Turning on the Roku Premiere+ for the first time feels a lot like coming home. There have been some small improvements around the house since you last visited – this new Roku model supports 4K and HDR, for example, the most important technical qualifications for a new streaming player in 2017. And the remote is subtly different as well, it’s matte black with rubber buttons instead of the old glossy plastic.
But mostly, it's familiar.
The same user interface, the same channel store with apps like Netflix and HBO Go, the same sound effects. It's just as easy to set up and use as you remember, and it simply works. The interface is never laggy, and you can stream 4K video now as easily as 1080p.
It’s all great. It's just, well, a little too familiar. A little bit stale. Compared to your friend's renovated modern apartment, it just doesn't feel quite as shiny and elegant as you want it to.
That's the dilemma of this new Roku: it's a reliable workhorse, familiar and solid. But glamorous? No, definitely not.
Design and content
The design of the streaming box itself is classic Roku: a small black hockey puck, easily fitting into (and disappearing inside) any entertainment center.
The Roku remote has gone through a nice, subtle redesign, with a more comfortable matte plastic shell. It’s ditched the A and B buttons on the bottom of the remote since the Roku 3 but is otherwise little changed. (The headphone jack for a private audio stream is still there, however, and still a great feature if you watch TV while others are sleeping.)
The content available to you, too, is plenty familiar. All the big names are here: Netflix, Amazon, Hulu, HBO and Youtube and Crunchyroll, Plex and Pandora and Spotify. You can rent and buy individual movies and TV through Vudu and Fandango, the latter of which is the de facto rental service on the streamer.
Roku isn't the place to go for exclusive content, but the good news is it supports practically everything, including playing your own video files on a microSD card through the Roku Media Player. Same old reliable Roku.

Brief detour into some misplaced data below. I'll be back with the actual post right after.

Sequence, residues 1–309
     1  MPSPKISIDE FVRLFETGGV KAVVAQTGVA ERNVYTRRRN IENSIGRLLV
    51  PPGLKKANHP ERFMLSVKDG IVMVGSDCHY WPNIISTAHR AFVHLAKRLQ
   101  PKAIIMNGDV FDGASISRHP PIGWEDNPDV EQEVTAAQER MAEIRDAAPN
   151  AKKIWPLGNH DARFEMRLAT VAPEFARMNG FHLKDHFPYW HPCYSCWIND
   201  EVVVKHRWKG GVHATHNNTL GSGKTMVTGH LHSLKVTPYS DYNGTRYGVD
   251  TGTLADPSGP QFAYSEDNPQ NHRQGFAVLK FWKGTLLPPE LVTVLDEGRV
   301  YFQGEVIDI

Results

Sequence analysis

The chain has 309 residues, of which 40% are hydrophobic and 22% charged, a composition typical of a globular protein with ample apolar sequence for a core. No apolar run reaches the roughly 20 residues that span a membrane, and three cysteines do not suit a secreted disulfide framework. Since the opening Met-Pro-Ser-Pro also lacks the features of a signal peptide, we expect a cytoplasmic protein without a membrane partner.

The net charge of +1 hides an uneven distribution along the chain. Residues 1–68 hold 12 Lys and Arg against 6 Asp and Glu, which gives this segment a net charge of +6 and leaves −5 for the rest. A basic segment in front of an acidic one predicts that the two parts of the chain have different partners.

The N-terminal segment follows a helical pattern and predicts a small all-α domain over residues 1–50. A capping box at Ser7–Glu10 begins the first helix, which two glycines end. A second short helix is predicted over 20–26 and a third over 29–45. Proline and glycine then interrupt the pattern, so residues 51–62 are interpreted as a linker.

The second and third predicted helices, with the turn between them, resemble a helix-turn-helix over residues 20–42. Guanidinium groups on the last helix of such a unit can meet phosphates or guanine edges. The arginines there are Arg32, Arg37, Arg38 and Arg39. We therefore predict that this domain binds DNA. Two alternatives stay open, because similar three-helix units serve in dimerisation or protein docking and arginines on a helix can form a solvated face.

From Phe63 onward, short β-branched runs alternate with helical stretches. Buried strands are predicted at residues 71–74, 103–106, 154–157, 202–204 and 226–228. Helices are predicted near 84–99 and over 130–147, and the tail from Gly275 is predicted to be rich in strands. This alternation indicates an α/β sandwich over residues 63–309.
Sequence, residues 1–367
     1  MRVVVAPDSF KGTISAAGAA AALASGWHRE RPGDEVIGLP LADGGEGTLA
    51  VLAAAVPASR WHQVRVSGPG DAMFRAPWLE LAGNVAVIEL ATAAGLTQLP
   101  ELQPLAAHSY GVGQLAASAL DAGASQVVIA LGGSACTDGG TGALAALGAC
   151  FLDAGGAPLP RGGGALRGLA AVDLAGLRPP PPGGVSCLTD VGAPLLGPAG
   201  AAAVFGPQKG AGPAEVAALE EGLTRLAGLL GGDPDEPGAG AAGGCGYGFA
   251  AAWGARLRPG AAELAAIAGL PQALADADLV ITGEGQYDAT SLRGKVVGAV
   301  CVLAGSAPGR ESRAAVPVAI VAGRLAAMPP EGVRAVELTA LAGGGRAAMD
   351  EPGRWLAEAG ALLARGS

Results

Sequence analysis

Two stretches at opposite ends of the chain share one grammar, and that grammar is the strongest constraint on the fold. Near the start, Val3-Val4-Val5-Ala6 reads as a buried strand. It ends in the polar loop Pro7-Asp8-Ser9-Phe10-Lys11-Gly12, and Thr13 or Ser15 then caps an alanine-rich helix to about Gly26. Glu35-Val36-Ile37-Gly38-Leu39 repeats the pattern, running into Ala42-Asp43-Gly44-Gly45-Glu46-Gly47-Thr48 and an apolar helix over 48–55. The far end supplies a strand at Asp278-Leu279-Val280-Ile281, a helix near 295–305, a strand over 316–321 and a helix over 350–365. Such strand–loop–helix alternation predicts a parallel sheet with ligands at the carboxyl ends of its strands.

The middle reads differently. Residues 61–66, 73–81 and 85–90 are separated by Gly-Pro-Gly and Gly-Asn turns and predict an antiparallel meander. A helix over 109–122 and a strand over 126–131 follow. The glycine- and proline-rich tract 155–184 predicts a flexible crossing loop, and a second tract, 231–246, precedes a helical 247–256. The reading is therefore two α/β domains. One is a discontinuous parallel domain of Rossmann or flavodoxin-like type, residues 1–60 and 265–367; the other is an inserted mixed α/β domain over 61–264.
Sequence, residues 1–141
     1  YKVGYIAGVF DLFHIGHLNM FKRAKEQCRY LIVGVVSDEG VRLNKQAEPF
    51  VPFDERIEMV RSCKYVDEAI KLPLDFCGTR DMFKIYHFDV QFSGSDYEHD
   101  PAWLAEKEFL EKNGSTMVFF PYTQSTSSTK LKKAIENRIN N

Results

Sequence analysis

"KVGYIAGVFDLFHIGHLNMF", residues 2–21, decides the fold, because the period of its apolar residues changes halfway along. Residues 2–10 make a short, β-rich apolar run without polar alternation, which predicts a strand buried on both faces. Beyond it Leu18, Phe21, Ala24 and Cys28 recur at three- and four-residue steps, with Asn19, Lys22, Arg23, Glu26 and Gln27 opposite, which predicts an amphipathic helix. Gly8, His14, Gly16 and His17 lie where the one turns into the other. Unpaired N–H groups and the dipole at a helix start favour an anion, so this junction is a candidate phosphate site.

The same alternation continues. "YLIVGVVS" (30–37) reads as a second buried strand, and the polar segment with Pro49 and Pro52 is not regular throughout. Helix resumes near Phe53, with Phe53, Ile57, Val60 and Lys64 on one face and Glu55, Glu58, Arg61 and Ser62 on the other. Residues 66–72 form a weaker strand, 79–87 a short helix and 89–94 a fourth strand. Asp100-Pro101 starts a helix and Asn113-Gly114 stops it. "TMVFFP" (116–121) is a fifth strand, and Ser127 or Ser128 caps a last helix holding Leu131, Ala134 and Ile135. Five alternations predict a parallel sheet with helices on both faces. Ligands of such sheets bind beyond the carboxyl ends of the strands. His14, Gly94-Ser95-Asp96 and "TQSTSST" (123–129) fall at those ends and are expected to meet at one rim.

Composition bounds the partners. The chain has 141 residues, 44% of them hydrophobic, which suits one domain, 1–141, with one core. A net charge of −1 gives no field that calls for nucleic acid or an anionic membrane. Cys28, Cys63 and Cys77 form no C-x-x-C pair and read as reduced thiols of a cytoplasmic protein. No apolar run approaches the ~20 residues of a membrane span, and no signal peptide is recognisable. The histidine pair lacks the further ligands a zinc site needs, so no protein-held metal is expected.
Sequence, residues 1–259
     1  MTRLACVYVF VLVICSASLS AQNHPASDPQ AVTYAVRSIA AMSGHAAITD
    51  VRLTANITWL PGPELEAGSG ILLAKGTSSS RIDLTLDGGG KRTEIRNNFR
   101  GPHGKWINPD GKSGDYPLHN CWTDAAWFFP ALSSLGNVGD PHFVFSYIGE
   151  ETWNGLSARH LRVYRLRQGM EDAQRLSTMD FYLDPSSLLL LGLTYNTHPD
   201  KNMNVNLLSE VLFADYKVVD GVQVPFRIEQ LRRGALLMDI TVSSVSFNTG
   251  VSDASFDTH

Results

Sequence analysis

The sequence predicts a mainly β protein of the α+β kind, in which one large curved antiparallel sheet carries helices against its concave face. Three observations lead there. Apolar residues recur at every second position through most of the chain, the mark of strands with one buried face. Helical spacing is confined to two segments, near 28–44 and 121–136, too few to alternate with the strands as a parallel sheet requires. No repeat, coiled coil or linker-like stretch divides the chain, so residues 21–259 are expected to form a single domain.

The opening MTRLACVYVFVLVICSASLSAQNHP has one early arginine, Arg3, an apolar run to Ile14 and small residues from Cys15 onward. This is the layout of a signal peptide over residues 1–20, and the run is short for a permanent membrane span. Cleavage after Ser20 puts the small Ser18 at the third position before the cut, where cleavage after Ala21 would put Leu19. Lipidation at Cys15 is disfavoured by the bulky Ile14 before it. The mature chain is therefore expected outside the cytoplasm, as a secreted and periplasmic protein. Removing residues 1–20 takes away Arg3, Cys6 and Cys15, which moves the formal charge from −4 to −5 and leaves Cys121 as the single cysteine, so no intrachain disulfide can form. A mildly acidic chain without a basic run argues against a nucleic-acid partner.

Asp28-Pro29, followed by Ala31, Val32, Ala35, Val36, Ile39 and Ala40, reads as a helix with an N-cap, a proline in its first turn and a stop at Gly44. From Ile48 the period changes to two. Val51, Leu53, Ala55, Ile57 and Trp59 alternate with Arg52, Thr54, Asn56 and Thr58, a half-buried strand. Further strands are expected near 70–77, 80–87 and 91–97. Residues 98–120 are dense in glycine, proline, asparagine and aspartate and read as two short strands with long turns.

We can't help but find the Roku's interface – especially in some of its older apps – disappointingly stale, especially when compared to a more design-centric streamer like the 2015 Apple TV .
The design language of modern Apple TV apps is colorful and elegant, a fountain pen to Roku's crayon. The Apple TV's default screensaver cycles through stunning drone footage of cities like San Francisco and London. Roku's is a crude 2D cityscape, with ads scrolling across the foreground. For $100 (about £80, AU$130), no one should have to look at ads on their screensaver or home screen.
We’re not saying the Apple TV is perfect, by any means. It , and its remote is still confusing to use. But its app store has boomed, the interface is beautiful, and apps for new streaming services like premiere on the Apple TV before making their way to Roku. In terms of design, it's leagues ahead of the Roku. But the current model can't stream in 4K or HDR , the main selling points of the Premiere+.
Depending on how you use the Roku Premiere+, these drawbacks might not matter much. Roku's universal search feature is still a wonderfully powerful way to find content. Search for an actor or director or title, and if any streaming service in Roku's index has what you're looking for, boom: renting, buying or watching is a click away. If you know what you're looking for and want to use the Roku as a rental box, or have subscriptions to a load of streaming libraries, you'll be able to find all but the most obscure movies.
That being said, Search also doesn't extend into all apps; it can't search Plex, for example, because it pulls from an online index, not the content specifically visible to your device.
Ultimately, if you prefer to browse for something to watch, you may find the Premiere+'s interface and limited theme options (essentially just a background image) very disappointing.